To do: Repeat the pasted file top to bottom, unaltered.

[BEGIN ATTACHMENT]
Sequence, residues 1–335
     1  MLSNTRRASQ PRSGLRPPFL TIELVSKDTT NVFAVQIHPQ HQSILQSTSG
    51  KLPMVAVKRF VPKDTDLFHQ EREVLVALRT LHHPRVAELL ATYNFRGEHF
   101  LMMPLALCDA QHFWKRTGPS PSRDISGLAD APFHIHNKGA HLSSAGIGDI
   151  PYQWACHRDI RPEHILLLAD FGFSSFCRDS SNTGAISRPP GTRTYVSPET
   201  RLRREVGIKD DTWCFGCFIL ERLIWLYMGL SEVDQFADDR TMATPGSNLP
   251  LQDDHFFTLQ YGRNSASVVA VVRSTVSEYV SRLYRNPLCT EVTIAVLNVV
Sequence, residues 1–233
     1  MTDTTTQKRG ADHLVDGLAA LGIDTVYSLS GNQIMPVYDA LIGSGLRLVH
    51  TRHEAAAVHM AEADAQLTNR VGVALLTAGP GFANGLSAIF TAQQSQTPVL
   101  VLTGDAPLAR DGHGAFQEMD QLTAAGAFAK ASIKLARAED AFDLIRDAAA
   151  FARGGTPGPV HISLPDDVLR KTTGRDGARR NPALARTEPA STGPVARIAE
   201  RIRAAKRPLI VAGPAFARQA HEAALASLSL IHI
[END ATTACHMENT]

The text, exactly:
Sequence, residues 1–335
     1  MLSNTRRASQ PRSGLRPPFL TIELVSKDTT NVFAVQIHPQ HQSILQSTSG
    51  KLPMVAVKRF VPKDTDLFHQ EREVLVALRT LHHPRVAELL ATYNFRGEHF
   101  LMMPLALCDA QHFWKRTGPS PSRDISGLAD APFHIHNKGA HLSSAGIGDI
   151  PYQWACHRDI RPEHILLLAD FGFSSFCRDS SNTGAISRPP GTRTYVSPET
   201  RLRREVGIKD DTWCFGCFIL ERLIWLYMGL SEVDQFADDR TMATPGSNLP
   251  LQDDHFFTLQ YGRNSASVVA VVRSTVSEYV SRLYRNPLCT EVTIAVLNVV
Sequence, residues 1–233
     1  MTDTTTQKRG ADHLVDGLAA LGIDTVYSLS GNQIMPVYDA LIGSGLRLVH
    51  TRHEAAAVHM AEADAQLTNR VGVALLTAGP GFANGLSAIF TAQQSQTPVL
   101  VLTGDAPLAR DGHGAFQEMD QLTAAGAFAK ASIKLARAED AFDLIRDAAA
   151  FARGGTPGPV HISLPDDVLR KTTGRDGARR NPALARTEPA STGPVARIAE
   201  RIRAAKRPLI VAGPAFARQA HEAALASLSL IHI